Thailand, governed by generals who seized power through a coup, would have objected to penalizing a fellow putschist military; and Singapore, a major investor in Myanmar, would have rejected trade sanctions.

Flawed Five-Point Consensus

Faced with division and apathy among its members, ASEAN settled for the Five-Point Consensus, a compromise flouted by the junta since day one, showcasing a better understanding of its neighbors’ weaknesses than they possessed.

The U.S. President Teddy Roosevelt once recommended speaking softly and carrying a big stick. ASEAN jettisoned all its sticks on day one and spoke pompously—and, to mix the aphorism, offered all its carrots to the junta without any conciliation in return. The junta, well aware that Southeast Asia wouldn’t formally exclude it from ASEAN, played its cards astutely, benefiting economically from ASEAN goings-on even when excluded from diplomatic gatherings.

Indonesia, the ASEAN chair in 2023, is keen to stress that there will be no U-turn on its policies from last year, despite that being exactly what is happening, as seen by a senior junta official in attendance at the latest Foreign Ministers Retreat in Luang Prabang—an unprecedented event in more than two years.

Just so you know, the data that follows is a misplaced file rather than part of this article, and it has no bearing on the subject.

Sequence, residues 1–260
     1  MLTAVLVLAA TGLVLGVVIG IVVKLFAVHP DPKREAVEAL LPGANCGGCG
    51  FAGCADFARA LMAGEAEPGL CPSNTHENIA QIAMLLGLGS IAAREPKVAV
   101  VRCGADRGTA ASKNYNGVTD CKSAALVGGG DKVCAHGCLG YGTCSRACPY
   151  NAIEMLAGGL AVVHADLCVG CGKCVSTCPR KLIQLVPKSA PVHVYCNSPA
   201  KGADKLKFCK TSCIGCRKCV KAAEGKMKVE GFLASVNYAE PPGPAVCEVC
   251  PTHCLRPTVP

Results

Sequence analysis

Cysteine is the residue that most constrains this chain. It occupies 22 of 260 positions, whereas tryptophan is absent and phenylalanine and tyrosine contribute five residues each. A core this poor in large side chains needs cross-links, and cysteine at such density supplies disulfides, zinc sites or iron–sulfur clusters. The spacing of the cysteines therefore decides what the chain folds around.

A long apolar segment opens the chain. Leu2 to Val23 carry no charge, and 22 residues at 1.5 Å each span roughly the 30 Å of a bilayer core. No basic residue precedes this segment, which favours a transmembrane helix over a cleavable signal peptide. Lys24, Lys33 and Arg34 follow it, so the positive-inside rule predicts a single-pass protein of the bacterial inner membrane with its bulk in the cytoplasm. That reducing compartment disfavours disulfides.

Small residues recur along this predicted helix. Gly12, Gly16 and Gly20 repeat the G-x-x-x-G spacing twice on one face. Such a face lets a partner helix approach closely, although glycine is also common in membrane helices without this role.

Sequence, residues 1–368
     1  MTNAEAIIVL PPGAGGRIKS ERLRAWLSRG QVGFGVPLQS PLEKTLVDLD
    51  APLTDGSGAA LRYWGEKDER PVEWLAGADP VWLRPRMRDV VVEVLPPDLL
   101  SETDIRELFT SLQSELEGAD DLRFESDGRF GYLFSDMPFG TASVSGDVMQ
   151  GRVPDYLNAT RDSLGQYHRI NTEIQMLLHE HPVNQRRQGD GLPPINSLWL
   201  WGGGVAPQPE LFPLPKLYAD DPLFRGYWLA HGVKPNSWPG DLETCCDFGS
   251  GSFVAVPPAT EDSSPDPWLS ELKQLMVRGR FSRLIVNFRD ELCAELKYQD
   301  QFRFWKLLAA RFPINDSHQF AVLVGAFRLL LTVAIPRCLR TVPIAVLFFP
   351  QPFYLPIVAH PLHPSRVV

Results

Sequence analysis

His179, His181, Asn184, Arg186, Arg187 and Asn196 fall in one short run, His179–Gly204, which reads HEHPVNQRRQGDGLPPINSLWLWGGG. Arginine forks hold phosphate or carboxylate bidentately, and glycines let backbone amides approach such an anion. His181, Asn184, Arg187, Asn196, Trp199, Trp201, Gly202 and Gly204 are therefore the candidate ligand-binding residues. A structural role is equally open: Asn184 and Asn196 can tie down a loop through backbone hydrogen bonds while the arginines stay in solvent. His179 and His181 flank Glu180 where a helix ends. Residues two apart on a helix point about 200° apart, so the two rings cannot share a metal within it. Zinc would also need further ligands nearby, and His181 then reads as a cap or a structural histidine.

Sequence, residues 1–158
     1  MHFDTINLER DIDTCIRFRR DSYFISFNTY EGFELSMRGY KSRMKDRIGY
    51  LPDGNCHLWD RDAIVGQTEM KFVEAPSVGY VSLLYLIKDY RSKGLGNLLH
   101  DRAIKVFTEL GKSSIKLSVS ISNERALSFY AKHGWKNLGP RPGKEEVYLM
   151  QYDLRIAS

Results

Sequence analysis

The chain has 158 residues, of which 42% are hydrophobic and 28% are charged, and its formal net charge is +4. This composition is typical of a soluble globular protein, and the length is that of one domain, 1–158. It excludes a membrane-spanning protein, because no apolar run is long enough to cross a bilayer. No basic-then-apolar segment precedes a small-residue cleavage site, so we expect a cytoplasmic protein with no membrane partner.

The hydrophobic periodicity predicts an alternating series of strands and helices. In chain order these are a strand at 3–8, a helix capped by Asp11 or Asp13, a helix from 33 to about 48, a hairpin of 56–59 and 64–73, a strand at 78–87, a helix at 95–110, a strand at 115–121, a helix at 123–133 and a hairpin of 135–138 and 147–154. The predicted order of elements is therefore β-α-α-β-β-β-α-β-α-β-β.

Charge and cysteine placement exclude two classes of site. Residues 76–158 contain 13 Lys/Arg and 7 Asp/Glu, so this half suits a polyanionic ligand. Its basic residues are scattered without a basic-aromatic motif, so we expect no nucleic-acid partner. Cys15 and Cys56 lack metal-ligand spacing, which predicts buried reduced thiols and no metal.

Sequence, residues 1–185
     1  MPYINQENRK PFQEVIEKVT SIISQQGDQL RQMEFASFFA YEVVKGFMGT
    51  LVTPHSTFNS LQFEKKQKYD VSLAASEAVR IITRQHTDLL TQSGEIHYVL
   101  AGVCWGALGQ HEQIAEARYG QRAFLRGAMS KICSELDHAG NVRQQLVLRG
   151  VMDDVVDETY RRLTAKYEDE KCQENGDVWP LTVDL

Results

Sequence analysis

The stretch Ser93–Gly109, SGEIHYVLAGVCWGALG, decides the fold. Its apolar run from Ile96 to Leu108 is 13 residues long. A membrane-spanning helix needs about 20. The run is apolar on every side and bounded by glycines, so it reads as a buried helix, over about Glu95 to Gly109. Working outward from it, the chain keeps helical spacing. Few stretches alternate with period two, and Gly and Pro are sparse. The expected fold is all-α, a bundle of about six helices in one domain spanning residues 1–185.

Indonesia might also reflect on how easy it will be for the new guardians of ASEAN meetings – Laos is the chair for 2024 – to topple the few good mechanisms it put in place last year. One might not consider a policy to be successful if it cannot sustain itself for longer than a year.

Actually, it isn’t correct to say Indonesia failed: Jakarta generated many headlines for itself because of its apparent hardline and strident management of the crisis, which may not have done much for the Burmese but certainly stroked Indonesia’s ruling elite’s image of themselves as the re-emergent kingmakers of the region.

Clearly, the Laotians, who now think they’re in charge of the process as ASEAN chair, reckon it’s time for greater cooperation with the junta, which will mean giving more slack to the Tatmadaw without anything in return.

Supporting the status quo

Last week, the ASEAN foreign ministers agreed for the first time since the coup to send humanitarian assistance to Myanmar, within a safe zone between the Thailand-Myanmar border, which will probably work off a joint task force that Thailand and the junta discussed in December.